Suppose you borrowed a lot of money to buy a house but now find it’s worth a lot less than you currently owe. If your lenders only have recourse to the house itself, you might have good reason to stop paying your debts and walk away — even if you’re perfectly capable of making continued payments.After all, your credit rating will take a hit but your net worth will improve significantly as you move from negative home equity to zero home equity. You might also save money by moving somewhere else with lower monthly payments. Since you never lost the ability to pay your debts, only the willingness to do so, your default would be “strategic”.A few years ago, economists from the Federal Reserve banks of Atlanta and Boston wrote an influential paper trying to quantify the importance of these “strategic” defaults. They found that 14 per cent of all the people who stopped paying their mortgages in 2007-9 had “both negative equity and enough liquid or illiquid assets to make 1 month’s mortgage payment”. In their view, this meant that strategic default was a “relatively rare” phenomenon and “not a major factor” compared to people defaulting because they were simply unable to pay.Their own data didn’t unequivocally support that conclusion, however.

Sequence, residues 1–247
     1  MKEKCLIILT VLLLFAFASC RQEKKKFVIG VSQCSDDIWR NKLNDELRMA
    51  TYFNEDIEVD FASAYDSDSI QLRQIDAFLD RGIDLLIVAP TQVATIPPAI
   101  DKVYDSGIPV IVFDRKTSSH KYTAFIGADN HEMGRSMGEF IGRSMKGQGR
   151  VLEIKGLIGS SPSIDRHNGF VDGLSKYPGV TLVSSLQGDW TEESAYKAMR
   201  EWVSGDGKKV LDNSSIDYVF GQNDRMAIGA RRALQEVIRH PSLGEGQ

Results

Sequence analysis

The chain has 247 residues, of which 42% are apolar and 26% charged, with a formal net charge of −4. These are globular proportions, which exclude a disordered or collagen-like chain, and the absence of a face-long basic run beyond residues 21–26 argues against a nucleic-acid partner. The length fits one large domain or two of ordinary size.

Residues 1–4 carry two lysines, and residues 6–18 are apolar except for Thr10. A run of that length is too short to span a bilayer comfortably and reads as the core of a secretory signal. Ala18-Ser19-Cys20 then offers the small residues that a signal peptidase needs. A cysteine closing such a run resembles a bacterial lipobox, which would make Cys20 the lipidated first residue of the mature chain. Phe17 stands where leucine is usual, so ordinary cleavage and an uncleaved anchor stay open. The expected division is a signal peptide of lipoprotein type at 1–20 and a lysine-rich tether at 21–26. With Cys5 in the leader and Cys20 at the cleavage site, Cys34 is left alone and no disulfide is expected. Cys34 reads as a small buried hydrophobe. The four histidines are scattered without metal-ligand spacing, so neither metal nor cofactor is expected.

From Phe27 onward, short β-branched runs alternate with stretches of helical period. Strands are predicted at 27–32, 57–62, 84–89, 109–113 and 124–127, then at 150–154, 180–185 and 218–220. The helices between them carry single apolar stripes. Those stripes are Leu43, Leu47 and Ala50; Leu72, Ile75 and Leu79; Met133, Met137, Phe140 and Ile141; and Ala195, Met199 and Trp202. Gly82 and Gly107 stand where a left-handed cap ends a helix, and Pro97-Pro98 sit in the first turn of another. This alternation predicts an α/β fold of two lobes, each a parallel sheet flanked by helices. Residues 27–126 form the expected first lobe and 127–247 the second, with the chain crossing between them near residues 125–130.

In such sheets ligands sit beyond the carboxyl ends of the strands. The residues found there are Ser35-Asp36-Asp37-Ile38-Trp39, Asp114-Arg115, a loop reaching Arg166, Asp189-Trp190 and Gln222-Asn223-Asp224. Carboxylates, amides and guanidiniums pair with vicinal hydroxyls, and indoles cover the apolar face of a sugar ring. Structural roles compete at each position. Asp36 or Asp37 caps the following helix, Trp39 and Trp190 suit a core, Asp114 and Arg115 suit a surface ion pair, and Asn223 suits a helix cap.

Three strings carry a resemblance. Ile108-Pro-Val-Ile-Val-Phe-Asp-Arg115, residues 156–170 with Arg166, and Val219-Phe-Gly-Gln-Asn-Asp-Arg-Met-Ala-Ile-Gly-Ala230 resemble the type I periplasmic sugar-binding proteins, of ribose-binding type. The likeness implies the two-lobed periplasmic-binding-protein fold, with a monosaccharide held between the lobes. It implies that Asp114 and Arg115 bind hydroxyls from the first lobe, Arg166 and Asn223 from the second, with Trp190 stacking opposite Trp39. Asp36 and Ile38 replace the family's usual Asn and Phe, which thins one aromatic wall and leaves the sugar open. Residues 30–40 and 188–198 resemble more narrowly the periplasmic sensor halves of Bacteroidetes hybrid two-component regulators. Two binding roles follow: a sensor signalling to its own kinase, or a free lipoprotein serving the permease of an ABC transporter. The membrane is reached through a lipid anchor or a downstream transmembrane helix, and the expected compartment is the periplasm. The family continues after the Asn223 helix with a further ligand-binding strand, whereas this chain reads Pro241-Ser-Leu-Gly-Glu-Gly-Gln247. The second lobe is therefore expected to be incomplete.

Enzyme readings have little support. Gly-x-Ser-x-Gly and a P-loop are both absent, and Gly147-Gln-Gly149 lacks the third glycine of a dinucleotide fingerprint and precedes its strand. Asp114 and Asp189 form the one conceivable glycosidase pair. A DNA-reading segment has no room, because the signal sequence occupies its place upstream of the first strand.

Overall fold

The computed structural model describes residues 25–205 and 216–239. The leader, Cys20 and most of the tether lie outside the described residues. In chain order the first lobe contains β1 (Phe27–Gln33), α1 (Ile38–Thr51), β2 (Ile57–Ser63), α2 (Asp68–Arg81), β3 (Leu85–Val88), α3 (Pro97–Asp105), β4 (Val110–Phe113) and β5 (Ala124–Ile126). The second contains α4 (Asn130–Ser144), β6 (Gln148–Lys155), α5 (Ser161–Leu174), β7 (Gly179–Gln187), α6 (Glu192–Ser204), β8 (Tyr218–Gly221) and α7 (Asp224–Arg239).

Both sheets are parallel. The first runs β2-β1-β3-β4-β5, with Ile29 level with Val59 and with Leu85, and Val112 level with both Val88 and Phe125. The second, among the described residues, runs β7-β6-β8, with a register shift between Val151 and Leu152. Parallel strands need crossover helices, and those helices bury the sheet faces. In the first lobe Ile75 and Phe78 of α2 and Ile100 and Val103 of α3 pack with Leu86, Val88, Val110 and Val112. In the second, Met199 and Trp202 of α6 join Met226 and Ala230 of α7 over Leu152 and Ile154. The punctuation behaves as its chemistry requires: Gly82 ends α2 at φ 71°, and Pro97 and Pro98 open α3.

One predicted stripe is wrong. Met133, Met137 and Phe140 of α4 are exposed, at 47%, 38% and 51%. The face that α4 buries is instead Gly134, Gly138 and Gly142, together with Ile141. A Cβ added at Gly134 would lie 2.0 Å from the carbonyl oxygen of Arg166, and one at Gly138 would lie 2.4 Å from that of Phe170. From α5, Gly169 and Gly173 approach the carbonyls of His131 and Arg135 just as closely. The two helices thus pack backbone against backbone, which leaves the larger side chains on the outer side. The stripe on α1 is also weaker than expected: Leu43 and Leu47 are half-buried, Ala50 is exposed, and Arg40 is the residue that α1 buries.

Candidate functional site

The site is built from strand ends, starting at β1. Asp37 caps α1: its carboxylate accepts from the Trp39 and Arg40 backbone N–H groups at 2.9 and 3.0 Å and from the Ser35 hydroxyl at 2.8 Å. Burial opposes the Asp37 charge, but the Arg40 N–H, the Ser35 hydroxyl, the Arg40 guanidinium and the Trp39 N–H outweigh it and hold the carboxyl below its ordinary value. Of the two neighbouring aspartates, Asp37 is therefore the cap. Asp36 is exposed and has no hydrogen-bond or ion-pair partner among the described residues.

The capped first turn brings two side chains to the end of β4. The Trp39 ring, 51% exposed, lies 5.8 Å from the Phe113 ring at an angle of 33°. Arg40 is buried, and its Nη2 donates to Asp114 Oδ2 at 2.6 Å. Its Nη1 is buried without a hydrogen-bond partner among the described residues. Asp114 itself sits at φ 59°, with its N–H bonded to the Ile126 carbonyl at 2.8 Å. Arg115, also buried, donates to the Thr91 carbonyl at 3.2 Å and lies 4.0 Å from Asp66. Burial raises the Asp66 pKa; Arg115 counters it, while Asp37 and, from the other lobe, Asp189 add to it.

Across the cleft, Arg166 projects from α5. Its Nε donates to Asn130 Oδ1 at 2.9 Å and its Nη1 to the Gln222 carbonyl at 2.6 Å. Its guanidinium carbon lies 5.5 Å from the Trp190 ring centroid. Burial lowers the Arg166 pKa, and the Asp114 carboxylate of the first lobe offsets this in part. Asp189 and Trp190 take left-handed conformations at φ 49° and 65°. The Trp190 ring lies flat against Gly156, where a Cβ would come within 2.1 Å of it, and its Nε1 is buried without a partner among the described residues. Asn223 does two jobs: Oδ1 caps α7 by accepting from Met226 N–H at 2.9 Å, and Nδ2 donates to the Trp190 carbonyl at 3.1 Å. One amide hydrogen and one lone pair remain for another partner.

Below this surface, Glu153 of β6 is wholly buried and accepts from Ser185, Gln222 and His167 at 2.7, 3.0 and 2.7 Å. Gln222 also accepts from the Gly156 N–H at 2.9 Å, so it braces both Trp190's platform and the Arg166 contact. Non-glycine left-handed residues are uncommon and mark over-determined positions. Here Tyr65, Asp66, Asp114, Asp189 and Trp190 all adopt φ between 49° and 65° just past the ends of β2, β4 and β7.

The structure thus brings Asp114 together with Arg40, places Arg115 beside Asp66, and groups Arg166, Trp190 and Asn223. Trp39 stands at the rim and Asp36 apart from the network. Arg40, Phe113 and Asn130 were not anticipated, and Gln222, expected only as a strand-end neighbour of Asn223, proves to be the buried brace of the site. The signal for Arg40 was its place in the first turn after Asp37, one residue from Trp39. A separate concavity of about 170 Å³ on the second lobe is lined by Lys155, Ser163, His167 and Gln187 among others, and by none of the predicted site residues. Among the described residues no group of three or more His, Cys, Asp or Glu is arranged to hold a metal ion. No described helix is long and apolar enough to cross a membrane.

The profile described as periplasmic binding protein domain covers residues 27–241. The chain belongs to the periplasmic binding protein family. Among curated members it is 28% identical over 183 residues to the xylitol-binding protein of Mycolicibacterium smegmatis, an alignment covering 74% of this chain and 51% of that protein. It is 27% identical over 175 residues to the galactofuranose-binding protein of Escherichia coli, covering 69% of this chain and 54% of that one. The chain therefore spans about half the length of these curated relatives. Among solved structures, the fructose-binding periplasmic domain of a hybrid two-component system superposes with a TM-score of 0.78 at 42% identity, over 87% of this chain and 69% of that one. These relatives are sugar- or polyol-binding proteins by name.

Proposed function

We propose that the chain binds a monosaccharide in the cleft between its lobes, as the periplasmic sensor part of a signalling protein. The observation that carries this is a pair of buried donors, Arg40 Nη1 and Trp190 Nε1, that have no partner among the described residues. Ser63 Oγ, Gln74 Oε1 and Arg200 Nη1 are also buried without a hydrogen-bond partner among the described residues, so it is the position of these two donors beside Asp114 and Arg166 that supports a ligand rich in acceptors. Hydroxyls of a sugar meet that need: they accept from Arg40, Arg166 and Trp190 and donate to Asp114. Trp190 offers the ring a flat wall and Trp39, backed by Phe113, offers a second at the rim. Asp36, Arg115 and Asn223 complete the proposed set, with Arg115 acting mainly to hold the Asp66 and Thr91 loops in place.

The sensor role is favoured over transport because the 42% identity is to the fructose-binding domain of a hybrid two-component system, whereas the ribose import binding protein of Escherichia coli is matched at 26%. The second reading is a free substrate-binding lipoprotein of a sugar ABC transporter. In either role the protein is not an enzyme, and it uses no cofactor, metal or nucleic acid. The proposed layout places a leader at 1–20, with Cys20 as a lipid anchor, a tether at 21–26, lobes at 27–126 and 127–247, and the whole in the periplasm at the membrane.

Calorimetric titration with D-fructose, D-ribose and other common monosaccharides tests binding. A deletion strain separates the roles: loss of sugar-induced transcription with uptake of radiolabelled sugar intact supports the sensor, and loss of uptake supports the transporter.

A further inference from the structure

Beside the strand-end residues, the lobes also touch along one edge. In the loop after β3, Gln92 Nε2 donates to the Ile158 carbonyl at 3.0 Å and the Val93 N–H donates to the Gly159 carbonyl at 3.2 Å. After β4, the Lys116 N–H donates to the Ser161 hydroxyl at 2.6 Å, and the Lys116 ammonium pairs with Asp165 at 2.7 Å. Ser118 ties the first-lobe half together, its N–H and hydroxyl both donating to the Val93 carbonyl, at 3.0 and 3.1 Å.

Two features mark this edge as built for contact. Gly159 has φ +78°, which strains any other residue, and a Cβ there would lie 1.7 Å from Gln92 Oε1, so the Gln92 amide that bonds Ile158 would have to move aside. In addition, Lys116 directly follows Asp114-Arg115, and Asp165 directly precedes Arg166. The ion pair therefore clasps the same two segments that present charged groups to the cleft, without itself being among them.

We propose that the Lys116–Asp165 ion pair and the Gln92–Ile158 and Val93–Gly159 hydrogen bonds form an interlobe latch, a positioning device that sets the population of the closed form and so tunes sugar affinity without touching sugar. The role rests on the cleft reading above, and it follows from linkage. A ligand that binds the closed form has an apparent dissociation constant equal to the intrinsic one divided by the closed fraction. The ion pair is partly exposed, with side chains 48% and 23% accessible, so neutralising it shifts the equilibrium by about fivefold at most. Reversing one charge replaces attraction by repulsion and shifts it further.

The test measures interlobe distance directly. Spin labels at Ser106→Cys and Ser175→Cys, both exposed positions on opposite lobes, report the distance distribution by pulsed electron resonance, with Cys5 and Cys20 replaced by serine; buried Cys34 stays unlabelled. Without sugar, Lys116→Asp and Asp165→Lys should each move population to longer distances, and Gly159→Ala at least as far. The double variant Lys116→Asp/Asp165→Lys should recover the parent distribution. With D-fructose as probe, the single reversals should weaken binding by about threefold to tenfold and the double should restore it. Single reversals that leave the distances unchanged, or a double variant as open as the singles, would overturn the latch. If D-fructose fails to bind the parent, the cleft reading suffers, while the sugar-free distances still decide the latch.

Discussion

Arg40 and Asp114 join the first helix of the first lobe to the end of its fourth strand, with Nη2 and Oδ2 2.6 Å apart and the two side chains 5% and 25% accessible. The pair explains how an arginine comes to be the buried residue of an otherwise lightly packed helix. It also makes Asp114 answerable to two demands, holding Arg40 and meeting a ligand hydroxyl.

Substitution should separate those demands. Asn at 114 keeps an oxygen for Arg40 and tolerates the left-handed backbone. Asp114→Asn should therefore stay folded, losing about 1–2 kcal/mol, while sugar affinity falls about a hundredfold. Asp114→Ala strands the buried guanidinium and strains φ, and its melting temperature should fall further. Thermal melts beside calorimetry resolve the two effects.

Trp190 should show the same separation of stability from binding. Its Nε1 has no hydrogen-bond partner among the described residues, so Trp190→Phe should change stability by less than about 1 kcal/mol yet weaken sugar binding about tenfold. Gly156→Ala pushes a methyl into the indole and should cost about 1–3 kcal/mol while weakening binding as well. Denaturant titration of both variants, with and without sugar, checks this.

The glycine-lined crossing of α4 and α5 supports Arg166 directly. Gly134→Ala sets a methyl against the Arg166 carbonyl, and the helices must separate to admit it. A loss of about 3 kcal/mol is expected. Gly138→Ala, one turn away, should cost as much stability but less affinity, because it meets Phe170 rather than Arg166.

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Suppose you borrowed a lot of money to buy a house but now find it’s worth a lot less than you...